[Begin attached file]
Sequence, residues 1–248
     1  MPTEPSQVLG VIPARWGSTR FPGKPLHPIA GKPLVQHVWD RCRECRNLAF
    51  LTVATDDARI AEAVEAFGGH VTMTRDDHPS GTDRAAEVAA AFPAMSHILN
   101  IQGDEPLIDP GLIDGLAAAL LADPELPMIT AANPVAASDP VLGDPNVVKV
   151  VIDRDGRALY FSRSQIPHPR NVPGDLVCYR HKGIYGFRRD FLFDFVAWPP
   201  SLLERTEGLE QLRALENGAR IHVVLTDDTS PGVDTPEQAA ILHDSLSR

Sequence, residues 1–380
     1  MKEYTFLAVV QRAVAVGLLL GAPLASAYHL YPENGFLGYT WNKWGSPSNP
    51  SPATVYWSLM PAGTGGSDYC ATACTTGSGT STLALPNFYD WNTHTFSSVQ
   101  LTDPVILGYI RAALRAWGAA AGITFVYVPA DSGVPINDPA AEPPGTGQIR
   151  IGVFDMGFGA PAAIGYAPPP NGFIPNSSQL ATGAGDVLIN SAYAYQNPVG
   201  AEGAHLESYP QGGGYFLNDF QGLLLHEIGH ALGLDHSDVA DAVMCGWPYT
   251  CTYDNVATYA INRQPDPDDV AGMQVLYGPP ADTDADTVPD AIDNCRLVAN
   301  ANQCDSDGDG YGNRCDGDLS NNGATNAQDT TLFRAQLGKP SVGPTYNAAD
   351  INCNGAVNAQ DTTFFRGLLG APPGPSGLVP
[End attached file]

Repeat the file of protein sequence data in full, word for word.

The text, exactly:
Sequence, residues 1–248
     1  MPTEPSQVLG VIPARWGSTR FPGKPLHPIA GKPLVQHVWD RCRECRNLAF
    51  LTVATDDARI AEAVEAFGGH VTMTRDDHPS GTDRAAEVAA AFPAMSHILN
   101  IQGDEPLIDP GLIDGLAAAL LADPELPMIT AANPVAASDP VLGDPNVVKV
   151  VIDRDGRALY FSRSQIPHPR NVPGDLVCYR HKGIYGFRRD FLFDFVAWPP
   201  SLLERTEGLE QLRALENGAR IHVVLTDDTS PGVDTPEQAA ILHDSLSR

Sequence, residues 1–380
     1  MKEYTFLAVV QRAVAVGLLL GAPLASAYHL YPENGFLGYT WNKWGSPSNP
    51  SPATVYWSLM PAGTGGSDYC ATACTTGSGT STLALPNFYD WNTHTFSSVQ
   101  LTDPVILGYI RAALRAWGAA AGITFVYVPA DSGVPINDPA AEPPGTGQIR
   151  IGVFDMGFGA PAAIGYAPPP NGFIPNSSQL ATGAGDVLIN SAYAYQNPVG
   201  AEGAHLESYP QGGGYFLNDF QGLLLHEIGH ALGLDHSDVA DAVMCGWPYT
   251  CTYDNVATYA INRQPDPDDV AGMQVLYGPP ADTDADTVPD AIDNCRLVAN
   301  ANQCDSDGDG YGNRCDGDLS NNGATNAQDT TLFRAQLGKP SVGPTYNAAD
   351  INCNGAVNAQ DTTFFRGLLG APPGPSGLVP